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Quickly create your Montana health care directive

You can complete FindLaw’s attorney-created health care directive forms in less than an hour at home. Our guided process takes you through a few easy steps and includes a free HIPAA release form. You’ll be able to download, print and sign your documents in no time.

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Montana health care directive options for everyone

Health Care Directive

For One Person

A do-it-yourself health care directive that’s easy to personalize.

$49
What’s included:
What’s included
Step-by-step guided process
A health care directive tailored to your needs
Attorney-approved document compliant with your state’s laws
Free HIPAA release form
Free changes and revisions to your document for up to a full year after purchase

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Estate Planning Package

For One person

All the forms you need to create a personal estate plan

$189
What’s included:
What’s included
Last will and testament
Health care directive
Power of attorney
Free HIPAA release form
A comprehensive plan — for less
Free changes and revisions for up to one year after purchase

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Attorney-approved Montana health care directives from home

If you are ever hospitalized with an irreversible condition, your loved ones and health care providers may not be sure which medical treatments to provide and which to withhold on your behalf. With a health care directive, you can provide instructions to your medical providers that make your wishes on these issues clear. This can spare your loved ones from making difficult decisions for you and may help to prevent disagreements among your nearest and dearest.

Kimberly_Lekman_image

Written by:

Kimberly Lekman, Esq.

Contributing Author

Reviewed by:

John Devendorf, Esq.

Contributing Author

How it works

Create your health care directive in under an hour

Create an account

Create a secure account which is accessible through an easy dashboard you can access any time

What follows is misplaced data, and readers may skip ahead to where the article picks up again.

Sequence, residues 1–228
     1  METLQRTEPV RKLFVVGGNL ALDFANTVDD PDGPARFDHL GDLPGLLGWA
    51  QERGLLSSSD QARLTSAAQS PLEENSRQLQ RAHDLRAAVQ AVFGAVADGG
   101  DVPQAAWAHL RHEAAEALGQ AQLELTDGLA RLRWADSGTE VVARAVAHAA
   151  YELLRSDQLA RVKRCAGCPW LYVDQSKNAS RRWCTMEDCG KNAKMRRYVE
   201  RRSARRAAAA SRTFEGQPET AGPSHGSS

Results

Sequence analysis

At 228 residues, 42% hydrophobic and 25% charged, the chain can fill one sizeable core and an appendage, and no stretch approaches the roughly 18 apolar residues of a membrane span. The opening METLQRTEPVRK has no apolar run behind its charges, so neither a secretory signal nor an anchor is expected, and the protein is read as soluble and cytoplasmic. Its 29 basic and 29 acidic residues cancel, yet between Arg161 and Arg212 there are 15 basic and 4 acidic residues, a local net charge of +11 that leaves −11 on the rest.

Gather information

Decide who will be your health care agent/proxy, which treatments you would request or refuse and release your records

Complete your document

Answer all questions, then we’ll generate your digital documents for downloading, printing, and signing

Make it legal

Print and sign your document according to instructions. Give copies to your doctors and agent/proxy

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Plan for your future with confidence

This free guide will help you:

  • Learn the most common estate planning terms

  • Understand the essential estate planning tools

  • Gather critical information with an estate planning checklist

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What’s next to make my Montana health care directive valid?

Follow these steps:

Make decisions about your medical care

A health care directive is a type of advance health care directive (or “advance directive”). It is a legal document that allows you to make treatment choices in advance, including whether you want to withdraw life-sustaining procedures. If you ever become terminally ill, your medical team would defer to your health care directive when deciding whether you would want treatment like tube feeding, artificial hydration, and ventilation. If you are unsure about your wishes regarding any medical procedure, it may be helpful to discuss it with your doctor and loved ones.

Choose your health care agent

According to Montana’s Rights of the Terminally Ill Act, you may choose a trusted person to make medical decisions for you if you become unable to make them for yourself. Creating a health care power of attorney is another type of advance directive. A health care agent or health care proxy can make health care choices on your behalf. When choosing your health care agent, make sure to pick someone who understands your treatment preferences on various health care issues and is willing to take on this responsibility.

Sign your health care documents

To validate your advance directives, you must sign them or direct someone to sign them for you. You must do so in the presence of two witnesses who must then sign too.

Distribute and store your health care directive

Once you have signed your advance directives in the presence of two witnesses, you will need to make sure that the right people have copies. Most importantly, you should provide a copy to your health care agent (if you have one). Your loved ones should also have copies of your advance directives. You may want to consider storing your advance directives in the Montana End-of-life registry. This is a secure computer database that allows you and your health care providers to electronically access your advance directives at any time.

Update your advance directives

As a general rule of thumb, you should review and revise your advance directives every few years at least. You should also review your choices in the event that you go through any major changes in your life. If you receive a new diagnosis, experience a divorce, or simply have a change of heart, you may wish to make changes to your estate plan, including your advance directives. For example, if your former spouse was named as your health care agent, you may wish to change this appointment. Rest assured that if you create a health care directive through FindLaw, you can make unlimited changes for a year after purchase.